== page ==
Newton Ave as a temporary homeless shelter. It emerged
that CCDC is letting its contractors use some of it as
storage space. Maas would not budge. In desperation the
City resorted to turning Golden Hall in the City Plaza
into a homeless shelter. That will be interesting. It
was a spectacular display of Maas's raw political power
and of his single-mindedness in using it on behalf of
his developer friends.
B’nai B’rith days are long forgotten in his
new-found wealth and power.
is another reminder of CCDC's power. Sanders knew it
would be useless to try to tap into the hundreds of
millions of dollars CCDC holds in reserve for
developers. Donna Frye didn't even bring it up.
They both know that CCDC's redevelopment money lies
safely outside the dwindling "General Fund" from which
the Mayor and City Council must provide city services.
CCDC is thus beyond the power of the Mayor and City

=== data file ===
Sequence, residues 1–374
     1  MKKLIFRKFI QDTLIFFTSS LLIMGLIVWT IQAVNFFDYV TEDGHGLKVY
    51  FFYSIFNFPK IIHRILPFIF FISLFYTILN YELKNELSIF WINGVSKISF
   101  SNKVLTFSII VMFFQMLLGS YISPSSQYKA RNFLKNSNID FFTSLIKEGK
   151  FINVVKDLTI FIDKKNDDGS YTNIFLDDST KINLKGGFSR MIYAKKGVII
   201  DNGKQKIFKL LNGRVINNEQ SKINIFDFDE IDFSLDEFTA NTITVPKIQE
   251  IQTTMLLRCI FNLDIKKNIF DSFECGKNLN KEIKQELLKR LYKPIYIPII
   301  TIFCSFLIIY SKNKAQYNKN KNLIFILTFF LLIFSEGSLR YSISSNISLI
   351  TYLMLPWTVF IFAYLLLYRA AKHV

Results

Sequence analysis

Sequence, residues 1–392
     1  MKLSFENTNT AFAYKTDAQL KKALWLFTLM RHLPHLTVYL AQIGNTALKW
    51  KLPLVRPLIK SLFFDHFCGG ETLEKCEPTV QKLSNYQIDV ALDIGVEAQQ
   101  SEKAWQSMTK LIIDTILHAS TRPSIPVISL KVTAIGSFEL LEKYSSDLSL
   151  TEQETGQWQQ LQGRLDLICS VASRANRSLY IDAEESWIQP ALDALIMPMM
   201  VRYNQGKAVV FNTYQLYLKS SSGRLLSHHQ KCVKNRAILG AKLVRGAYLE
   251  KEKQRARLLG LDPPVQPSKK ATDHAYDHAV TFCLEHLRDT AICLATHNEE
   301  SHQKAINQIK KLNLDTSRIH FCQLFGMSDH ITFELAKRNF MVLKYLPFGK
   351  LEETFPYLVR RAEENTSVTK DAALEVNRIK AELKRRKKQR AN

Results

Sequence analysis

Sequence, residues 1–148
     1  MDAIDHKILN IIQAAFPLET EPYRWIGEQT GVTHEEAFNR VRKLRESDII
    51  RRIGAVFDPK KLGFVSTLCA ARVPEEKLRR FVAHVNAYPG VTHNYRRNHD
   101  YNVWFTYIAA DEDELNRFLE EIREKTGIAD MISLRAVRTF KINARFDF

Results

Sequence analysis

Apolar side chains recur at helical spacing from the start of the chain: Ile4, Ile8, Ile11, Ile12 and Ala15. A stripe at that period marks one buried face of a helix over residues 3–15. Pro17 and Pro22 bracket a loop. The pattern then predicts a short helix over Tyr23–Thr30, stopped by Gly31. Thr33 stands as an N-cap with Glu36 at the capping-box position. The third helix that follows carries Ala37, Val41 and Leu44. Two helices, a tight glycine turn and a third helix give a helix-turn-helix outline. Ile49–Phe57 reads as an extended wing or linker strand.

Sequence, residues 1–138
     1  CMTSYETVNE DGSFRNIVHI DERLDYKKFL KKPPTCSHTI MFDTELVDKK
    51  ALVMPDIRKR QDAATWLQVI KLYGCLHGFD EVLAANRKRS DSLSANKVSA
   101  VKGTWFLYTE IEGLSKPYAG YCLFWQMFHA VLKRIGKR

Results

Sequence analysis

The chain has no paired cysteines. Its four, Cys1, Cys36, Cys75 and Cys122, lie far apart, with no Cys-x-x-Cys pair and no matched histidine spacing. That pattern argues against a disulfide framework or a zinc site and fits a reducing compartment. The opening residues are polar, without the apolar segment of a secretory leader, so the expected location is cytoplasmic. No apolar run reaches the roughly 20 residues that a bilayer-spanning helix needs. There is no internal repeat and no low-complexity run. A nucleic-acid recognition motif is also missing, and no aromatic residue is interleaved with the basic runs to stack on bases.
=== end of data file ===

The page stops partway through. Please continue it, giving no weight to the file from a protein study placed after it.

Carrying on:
That was Pete Wilson's plan in creating it. It works
perfectly. Unfortunately our city services are the
poorer for it.
Far from this hidden power diminishing, it appears to be
growing. Current events at SEDC suggest that Maas is
planning the annexation of SEDC to CCDC and
Councilmember Young seems to be a part of it. He has
become the darling of the developer class. He even
received Lincoln Club support in his recent reelection
campaign. He is being groomed as the next Council
President. He will be a powerful (and obedient) friend
of Fred Maas.
Young, who was undoubtedly in on the Fletcher/Maas
midnight elimination of the CCDC cap, tellingly did not
seek to eliminate the SEDC cap. A CCDC-SEDC merger would
automatically eliminate it. Earlier this year he quietly
acquiesced in the laying off of 40% of SEDC's staff and
moving its HQ from 4393 Imperial Avenue into the
non-profit Jacobs Center building at 404 Euclid Avenue.
That raised some eyebrows at the time, including mine.
the current City Manager of Carson in Los Angeles
County, is reported to have accepted the permanent
position of President and CEO of SEDC, replacing Brian
Trotier who held that position on an interim basis since
October 2008 and had himself applied for the job.
We are now expected to believe that Groomes, who
preceded Carolyn Smith
as CEO of SEDC until 1992, will leave a prestigious City
Manager's job at $225,000 for a much-diminished
administrative job in the Jacob Center at $150,000, in
order to "spend more time with his family"?